Happy birthday Clint Ruin, a/k/a J.G. Thirlwell of Foetus (and ‘The Venture Bros!’) infamy
11:35 am
Happy birthday Clint Ruin, a/k/a J.G. Thirlwell of Foetus (and ‘The Venture Bros!’) infamy

Even among the very strange artists who pioneered industrial music, Foetus was an outlier. While that project—the nom de noise of J.G. Thirlwell, a/k/a Clint Ruin a/k/a about a zillion other names—indulged deeply in that movement’s difficult, grating sounds and nihilism that approached absurdity, Thirlwell never bound himself to the genre like industrial’s grimly serious noise explorers or its goth-crossover synth mopers. Foetus, while expressing a self-loathing impossible in any organism with an intact survival instinct, also expressed a wicked and wry sense of humor, not only in the one-man-band’s name, which varied from release to release (You’ve Got Foetus on Your Breath, Foetus Interruptus, Scraping Foetus off the Wheel, Foetus All-Nude Revue… this list could go on for awhile), but in the music itself, which cheekily incorporated elements from classical music, showtunes, film noir and spaghetti western incidental music, even doo-wop.

Check out the incredible and representative “Enter the Exterminator,” from the 1985 album Nail (Thirlwell beat the Jesus Lizard to the punch on the all-LP-titles-will-be-four-letters-long schtick), chosen because it blew my mind when I was a kid, and it got me started on exploring the industrial program as much as anything off of Micro-Phonies or Twitch. The at-once growled and whispered lyrics snared me, but it was the music that compelled me to the record store. NSFW for bad words, jobber.


Not one to sit still, in the later half of the ‘80s Thirlwell formed the duo Wiseblood with Swans drummer Roli Mossimann, which was about as bludgeoning a project as you’re imagining, and The Flesh Volcano with Soft Cell’s Mark Almond. In 1988 he released the absolute must-have Stinkfist, a collaborative EP with no-wave heroine Lydia Lunch. That EP features two tracks of tribal-drumming insanity plus the ten minute “Meltdown Oratorio,” an admirable nightmare of Neubauten-esque slow-burn menace spiked with still more manic tribal percussion. Even if Lydia Lunch monologues aren’t your thing, this is really fucking great. (If I even need to tell you that a Lydia Lunch piece is NSFW for profanity, um, hi, welcome to Dangerous Minds, we hope you like what you find here.)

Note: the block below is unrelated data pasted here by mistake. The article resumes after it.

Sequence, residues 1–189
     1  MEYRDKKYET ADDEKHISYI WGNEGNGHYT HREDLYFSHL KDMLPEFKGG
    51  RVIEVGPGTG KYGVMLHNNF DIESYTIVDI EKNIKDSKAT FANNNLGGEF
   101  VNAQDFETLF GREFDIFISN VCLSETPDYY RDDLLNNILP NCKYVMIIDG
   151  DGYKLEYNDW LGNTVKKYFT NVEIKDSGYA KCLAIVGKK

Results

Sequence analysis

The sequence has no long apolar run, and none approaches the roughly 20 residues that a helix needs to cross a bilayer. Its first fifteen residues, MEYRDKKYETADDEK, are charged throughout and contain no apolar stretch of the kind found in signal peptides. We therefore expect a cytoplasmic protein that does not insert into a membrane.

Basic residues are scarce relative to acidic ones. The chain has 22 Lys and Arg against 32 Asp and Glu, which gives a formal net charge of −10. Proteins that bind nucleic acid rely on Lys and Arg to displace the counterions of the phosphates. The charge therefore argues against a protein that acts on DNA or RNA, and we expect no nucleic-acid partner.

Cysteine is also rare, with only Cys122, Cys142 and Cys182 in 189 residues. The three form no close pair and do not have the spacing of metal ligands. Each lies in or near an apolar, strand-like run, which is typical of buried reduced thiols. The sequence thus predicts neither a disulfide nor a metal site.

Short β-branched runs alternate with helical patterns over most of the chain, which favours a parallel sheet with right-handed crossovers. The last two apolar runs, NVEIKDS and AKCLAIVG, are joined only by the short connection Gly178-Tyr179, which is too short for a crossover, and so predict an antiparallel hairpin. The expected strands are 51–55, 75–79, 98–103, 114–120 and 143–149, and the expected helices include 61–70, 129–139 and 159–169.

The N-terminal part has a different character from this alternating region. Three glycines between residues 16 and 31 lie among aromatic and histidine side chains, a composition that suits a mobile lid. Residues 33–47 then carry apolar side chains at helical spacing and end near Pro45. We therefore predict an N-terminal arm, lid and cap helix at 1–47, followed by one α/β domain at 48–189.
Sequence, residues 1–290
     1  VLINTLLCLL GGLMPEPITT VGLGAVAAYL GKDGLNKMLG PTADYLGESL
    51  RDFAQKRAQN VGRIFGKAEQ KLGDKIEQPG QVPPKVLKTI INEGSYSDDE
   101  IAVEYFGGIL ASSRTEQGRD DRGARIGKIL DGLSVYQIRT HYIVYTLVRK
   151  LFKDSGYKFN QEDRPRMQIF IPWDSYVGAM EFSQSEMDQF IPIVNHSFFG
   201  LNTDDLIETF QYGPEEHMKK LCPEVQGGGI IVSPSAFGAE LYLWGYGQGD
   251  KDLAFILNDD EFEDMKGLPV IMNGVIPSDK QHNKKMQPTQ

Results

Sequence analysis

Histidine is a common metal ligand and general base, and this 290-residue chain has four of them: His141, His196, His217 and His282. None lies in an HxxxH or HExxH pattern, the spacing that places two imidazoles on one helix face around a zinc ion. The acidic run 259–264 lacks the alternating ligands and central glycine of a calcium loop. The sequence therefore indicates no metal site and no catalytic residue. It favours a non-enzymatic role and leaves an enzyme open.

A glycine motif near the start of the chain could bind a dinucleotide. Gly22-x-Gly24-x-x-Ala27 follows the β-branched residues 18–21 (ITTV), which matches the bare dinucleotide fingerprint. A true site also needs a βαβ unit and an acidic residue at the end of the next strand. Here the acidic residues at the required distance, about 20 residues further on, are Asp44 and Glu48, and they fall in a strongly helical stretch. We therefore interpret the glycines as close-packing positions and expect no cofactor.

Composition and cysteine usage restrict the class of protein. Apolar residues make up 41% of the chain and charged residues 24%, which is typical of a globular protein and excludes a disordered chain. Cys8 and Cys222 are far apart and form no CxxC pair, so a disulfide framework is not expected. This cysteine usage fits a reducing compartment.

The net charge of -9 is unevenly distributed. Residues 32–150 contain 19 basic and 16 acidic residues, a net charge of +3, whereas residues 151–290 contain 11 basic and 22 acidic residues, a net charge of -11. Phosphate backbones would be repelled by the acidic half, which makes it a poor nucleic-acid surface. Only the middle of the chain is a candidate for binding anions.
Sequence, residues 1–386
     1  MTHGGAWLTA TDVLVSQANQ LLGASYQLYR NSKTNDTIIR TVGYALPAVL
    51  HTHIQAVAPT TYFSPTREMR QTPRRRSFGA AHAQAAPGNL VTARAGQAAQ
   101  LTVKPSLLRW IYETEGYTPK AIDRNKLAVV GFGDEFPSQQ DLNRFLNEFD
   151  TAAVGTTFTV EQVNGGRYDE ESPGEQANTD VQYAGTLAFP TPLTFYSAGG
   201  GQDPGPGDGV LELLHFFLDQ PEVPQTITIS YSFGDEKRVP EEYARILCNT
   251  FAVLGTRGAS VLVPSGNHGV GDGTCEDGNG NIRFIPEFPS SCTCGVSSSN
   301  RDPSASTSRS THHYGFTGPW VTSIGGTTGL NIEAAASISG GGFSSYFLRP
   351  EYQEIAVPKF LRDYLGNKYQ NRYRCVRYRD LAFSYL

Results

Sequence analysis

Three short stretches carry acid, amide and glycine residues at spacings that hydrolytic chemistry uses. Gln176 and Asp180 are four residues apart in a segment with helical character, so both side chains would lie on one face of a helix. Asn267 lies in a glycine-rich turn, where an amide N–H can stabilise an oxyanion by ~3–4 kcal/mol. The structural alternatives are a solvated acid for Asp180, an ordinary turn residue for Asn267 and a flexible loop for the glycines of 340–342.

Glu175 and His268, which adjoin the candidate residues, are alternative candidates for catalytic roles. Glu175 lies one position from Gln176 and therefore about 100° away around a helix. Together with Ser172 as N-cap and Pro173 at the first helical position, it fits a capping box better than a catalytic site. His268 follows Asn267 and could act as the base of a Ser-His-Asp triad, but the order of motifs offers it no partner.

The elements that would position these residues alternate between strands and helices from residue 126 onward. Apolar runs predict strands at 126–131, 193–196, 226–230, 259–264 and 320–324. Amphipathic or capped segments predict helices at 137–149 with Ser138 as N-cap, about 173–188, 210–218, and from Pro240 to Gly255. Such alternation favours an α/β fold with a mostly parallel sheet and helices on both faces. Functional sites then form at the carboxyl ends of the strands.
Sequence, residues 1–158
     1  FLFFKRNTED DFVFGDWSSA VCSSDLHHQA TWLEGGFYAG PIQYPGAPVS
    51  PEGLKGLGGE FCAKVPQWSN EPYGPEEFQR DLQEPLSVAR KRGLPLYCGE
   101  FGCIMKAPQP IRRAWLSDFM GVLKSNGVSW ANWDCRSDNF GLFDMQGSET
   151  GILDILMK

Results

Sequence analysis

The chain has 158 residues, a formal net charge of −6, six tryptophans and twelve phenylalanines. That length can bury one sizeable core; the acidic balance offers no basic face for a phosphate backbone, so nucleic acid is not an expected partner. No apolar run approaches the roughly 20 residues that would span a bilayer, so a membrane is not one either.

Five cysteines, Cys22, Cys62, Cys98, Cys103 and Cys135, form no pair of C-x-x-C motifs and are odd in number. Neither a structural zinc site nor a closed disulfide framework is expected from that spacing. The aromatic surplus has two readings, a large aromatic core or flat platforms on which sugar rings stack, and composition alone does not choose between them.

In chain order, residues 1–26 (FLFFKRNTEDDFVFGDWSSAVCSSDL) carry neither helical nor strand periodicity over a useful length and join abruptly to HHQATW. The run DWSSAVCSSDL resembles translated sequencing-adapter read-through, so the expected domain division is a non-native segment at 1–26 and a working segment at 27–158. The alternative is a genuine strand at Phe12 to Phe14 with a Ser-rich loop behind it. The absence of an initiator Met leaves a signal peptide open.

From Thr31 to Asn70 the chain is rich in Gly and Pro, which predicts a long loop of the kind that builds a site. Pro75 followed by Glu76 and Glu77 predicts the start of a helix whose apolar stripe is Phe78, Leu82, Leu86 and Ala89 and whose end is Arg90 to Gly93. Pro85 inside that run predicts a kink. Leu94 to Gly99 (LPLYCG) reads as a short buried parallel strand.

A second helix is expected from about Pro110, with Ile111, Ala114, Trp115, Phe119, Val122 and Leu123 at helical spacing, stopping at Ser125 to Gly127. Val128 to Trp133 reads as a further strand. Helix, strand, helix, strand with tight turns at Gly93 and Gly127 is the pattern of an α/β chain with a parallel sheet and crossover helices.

Thirlwell curtailed Foetus activities for a spell in the late ‘80s and early ‘90s, instead releasing instrumental music under the name Steroid Maximus, though like many of his contemporaries in that decade he took the major-label plunge to release Gash in 1995. Poor Columbia records maybe should have foreseen that he wouldn’t lighten up—Gash is as uncompromising as any of his work, and contends with Nail and Hole as the best Foetus album. His backing musicians were members of NYC disreputata like Cop Shoot Cop and Unsane, with guitar contributions from experimentalist Marc Ribot. The single (seriously, they released a single to radio…) “Verklemmt” was probably as consumer-friendly as Foetus ever got. Consumers, for their part, remained mostly unmoved. Epileptics might want to think twice before clicking on this one: